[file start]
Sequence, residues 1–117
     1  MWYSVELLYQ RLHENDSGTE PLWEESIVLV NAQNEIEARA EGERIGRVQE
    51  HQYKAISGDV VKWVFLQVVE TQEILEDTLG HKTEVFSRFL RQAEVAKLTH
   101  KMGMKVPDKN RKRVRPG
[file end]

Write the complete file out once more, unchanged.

Sequence, residues 1–117
     1  MWYSVELLYQ RLHENDSGTE PLWEESIVLV NAQNEIEARA EGERIGRVQE
    51  HQYKAISGDV VKWVFLQVVE TQEILEDTLG HKTEVFSRFL RQAEVAKLTH
   101  KMGMKVPDKN RKRVRPG